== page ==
3. Use a more personal touch

Borsellino and the Happy Trails Team work hard to accommodate each athlete’s needs on a case-by-case basis. She detailed a time when they made arrangements for a walker to get an early start for a 50K event.

“We do have lots of opportunities for people with any mobility concerns, or anything that might make them a little slower, to start early. We do our best to support them along the way.”

Another time, the team mapped out a special detour for a participant who couldn’t tackle a particularly technical section of the trail due to a stroke.

 “We do have an event in the fall that has a really technical part that’s rooted and heavily rocky. He had an alternative path that he was guided to, to avoid this one area so that he could still participate in the event and still do the distance.”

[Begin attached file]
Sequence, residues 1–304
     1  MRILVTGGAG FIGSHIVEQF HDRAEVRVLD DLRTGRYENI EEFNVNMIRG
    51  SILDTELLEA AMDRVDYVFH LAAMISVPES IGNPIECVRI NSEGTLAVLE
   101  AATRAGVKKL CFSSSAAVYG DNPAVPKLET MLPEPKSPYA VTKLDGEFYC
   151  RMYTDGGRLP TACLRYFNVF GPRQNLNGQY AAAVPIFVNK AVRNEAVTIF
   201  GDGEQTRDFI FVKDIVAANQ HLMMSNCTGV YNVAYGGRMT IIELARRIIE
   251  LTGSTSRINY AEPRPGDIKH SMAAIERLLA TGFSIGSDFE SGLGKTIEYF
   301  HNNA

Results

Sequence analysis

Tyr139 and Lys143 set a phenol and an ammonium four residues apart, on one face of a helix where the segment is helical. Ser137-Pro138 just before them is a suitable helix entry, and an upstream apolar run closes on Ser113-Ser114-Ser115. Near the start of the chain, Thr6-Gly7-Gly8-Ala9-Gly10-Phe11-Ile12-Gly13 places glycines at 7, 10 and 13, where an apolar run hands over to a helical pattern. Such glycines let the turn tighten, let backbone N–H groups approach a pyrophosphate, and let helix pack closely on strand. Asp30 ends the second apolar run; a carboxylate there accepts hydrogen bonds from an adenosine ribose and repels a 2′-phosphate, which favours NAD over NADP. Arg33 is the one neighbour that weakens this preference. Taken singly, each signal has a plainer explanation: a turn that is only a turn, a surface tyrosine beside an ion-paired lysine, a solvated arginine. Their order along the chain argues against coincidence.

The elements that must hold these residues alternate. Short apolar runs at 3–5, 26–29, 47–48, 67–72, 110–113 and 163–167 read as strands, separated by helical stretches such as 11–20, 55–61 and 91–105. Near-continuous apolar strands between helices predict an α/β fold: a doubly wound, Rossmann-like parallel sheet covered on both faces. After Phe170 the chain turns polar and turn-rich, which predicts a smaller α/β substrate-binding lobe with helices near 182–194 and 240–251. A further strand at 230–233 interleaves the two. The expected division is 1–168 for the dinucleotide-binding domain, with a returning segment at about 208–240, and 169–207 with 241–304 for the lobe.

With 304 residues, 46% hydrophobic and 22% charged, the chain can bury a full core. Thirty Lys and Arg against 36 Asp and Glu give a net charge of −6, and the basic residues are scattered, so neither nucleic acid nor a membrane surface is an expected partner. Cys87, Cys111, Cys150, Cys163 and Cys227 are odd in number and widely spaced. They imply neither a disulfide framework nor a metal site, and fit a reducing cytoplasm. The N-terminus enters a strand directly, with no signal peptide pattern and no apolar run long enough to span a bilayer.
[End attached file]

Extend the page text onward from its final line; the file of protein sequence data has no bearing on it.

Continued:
3. Take time to build your community

One of the unique features of HTR races is iron-on patches they award after each race—the wolf patch and the bear patch.

“We really try to celebrate anyone who’s on the trail,” Borsellino said. “The wolf patch celebrates somebody who has a pack mentality, who exhibits camaraderie, who’s kind to the volunteers and the people around them. The bear patch celebrates somebody who is just really gritty—who ran a really brave or courageous race.”

Creating a community in which people feel seen and recognized for their efforts can keep people coming back for more—and help them feel like they have a place. If someone nominates you, you’re getting the patch.

“We’ve had some great feedback—some of it’s been quite emotional. Someone overcame a huge amount of addiction and took to trail running as their way out … and they ended up receiving one of these bear patches. It meant so much more to them that we had ever anticipated. It was something that was quite moving. It makes it all worth it.”